In the past, coppicing has been used in the small ash plantation as you approach the glade, and the alternating phases of light and shade encourage an abundance of wildlife. In this process young trees are repeatedly chopped down, leaving a stump which produces thin branches to be harvested for brushwood, poles or firewood. When these branches are lopped in their turn, the process begins all over again, keeping a tree in a juvenile condition. As a result a regularly coppiced tree never dies.
- At the fork in the path, take the path to the left, unless you would like a more level shortcut, in which case you should follow the right-hand path.
The tall trees in the glade in front of you provide good shelter for wildlife but still let in the sunlight, and the insects thriving here, including hoverflies and butterflies such as the speckled wood, provide a good source of food for many migrant birds in the spring and autumn. Listen out for flycatchers and warblers.
There is a viewpoint on the seaward side of the glade looking out to Peveril Point. There was a major landslip some 70 years ago in the wood below the viewpoint, completely destroying the semi-mature woodland that had been established there. The wet, unstable conditions have led to the growth of hardy species such as willow. Listen for the call of chiffchaffs in the spring, and look out for sparrowhawks hunting above, as well as sandwich terns fishing in Durlston Bay.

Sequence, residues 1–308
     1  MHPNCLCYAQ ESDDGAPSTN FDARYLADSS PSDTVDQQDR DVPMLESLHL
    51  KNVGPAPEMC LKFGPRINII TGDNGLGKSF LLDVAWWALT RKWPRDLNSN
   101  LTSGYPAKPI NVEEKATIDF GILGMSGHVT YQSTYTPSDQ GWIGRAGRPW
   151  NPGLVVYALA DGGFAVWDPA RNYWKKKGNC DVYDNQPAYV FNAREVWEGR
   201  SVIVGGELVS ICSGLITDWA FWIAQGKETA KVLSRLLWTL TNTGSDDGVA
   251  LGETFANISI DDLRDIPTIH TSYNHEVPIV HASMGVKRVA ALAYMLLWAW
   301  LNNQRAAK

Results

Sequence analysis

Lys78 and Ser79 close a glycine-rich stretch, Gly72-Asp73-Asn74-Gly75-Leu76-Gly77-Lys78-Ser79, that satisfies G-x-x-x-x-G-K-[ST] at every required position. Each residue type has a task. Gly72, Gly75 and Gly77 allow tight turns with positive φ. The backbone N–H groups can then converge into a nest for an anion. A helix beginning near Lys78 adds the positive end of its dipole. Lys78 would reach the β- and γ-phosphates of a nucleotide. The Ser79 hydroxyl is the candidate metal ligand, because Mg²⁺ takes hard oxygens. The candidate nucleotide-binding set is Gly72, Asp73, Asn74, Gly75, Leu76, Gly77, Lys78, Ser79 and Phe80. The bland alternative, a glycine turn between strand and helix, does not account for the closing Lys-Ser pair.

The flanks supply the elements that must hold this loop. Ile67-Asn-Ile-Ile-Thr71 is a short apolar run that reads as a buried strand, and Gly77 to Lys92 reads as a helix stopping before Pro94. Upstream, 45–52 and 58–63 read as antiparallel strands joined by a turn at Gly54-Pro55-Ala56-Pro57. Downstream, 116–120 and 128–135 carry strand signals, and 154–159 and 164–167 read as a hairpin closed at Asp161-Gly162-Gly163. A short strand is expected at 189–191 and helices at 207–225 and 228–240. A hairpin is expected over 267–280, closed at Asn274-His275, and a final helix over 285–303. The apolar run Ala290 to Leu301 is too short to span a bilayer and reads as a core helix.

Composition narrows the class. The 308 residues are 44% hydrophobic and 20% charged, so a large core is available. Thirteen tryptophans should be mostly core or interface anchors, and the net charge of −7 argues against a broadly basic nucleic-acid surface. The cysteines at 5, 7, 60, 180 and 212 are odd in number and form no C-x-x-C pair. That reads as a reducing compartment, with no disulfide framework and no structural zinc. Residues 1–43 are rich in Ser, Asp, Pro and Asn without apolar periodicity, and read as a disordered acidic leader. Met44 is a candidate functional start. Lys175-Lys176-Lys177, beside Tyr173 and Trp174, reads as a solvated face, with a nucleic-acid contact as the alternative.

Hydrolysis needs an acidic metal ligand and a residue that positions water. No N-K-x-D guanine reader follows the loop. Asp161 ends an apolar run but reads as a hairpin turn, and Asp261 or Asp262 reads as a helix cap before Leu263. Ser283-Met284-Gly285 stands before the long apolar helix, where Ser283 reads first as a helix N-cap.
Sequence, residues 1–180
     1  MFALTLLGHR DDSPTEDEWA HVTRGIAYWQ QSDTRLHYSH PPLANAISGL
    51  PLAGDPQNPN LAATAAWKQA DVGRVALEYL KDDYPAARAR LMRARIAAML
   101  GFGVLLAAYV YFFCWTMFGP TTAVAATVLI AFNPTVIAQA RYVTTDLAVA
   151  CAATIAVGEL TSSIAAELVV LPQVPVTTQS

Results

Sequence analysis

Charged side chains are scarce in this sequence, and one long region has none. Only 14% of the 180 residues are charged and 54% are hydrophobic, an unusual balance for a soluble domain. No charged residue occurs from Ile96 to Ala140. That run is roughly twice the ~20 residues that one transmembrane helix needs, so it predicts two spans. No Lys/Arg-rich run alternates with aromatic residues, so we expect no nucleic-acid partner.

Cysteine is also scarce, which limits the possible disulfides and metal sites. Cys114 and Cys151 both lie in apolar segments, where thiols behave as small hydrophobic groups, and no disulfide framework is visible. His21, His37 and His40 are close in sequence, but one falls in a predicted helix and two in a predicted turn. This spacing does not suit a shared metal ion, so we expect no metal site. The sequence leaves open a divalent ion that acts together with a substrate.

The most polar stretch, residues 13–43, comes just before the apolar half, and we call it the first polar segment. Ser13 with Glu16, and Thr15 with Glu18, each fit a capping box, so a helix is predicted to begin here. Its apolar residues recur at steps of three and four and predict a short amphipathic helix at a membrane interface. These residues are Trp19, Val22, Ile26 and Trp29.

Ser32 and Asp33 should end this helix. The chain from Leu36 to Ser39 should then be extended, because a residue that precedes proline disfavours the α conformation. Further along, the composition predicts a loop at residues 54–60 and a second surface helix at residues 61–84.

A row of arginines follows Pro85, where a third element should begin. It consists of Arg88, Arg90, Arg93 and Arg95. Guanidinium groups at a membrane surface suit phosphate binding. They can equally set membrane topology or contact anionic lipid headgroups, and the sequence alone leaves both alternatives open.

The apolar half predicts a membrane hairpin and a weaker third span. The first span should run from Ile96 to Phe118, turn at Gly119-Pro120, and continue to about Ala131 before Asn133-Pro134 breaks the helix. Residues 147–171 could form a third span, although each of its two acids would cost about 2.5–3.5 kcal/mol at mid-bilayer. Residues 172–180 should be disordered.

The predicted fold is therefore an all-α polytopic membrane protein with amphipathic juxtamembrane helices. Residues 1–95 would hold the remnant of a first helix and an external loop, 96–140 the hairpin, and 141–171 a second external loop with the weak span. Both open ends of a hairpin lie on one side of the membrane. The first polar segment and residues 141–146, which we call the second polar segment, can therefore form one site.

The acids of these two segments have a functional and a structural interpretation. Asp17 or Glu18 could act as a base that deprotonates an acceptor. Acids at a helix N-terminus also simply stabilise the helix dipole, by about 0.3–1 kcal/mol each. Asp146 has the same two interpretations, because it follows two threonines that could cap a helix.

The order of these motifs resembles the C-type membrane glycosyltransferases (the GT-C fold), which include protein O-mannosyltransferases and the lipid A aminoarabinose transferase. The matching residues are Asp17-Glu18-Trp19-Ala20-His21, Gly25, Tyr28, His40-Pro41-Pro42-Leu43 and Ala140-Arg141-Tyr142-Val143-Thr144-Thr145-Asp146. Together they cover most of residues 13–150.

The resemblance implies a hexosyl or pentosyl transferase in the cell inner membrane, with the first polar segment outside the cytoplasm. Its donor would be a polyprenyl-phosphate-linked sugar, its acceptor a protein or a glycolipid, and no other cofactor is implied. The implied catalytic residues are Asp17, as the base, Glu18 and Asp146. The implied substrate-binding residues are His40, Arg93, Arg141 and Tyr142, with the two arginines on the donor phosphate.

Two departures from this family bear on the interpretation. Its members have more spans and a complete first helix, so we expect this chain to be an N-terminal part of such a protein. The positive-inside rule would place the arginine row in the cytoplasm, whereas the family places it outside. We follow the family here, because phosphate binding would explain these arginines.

There are frequent small landslips in the inaccessible areas of the estate, caused by the instability of different layers of rock. Durlston Head is of international importance for its varied beds of hard stone inter-layered between softer clays and shales. At the bottom of the stack are the Portland beds, were formed in cool clear seas some 150 million years ago, while above them the younger Purbeck beds were formed in a landscape of swamps, ponds and saltwater lagoons. After they had been laid down these rocks were deformed and broken by the tectonic forces caused by the whole continents very slowly drifting around the globe.
Durlston's rocks are also noted for the fossils they contain, giving an extraordinary record of life in the late Jurassic and early Cretaceous period. These include shells, fish scales, sharks, crocodiles and even dinosaur footprints, all formed over millions of years. Many of the fossils and rocks of both the Portland and Purbeck series’ can be seen in the Rock Room or in the Fossil Wall at the Learning Centre.
- After a tour of the glade follow the Coast Path back towards the castle and the car park; or for a longer walk carry on along the Coast Path (see the Durlston Clifftop Walk).
The wide path from the glade is known as Pinecliffe Walk, and before the landslip it was used by horse-drawn carriages bringing visitors to Durlston Castle from Peveril Down. There was once a stand of Pine trees here (another favourite of Victorian estate-owners). Many of these have now been felled, and their rotting stumps provide a haven for woodlice, beetles and fungi, which in turn attract birds and small mammals, such as mice and grey squirrels. Occasionally a shy roe deer can be glimpsed through the trees.
The seventhwave cafe at Durlston Castle.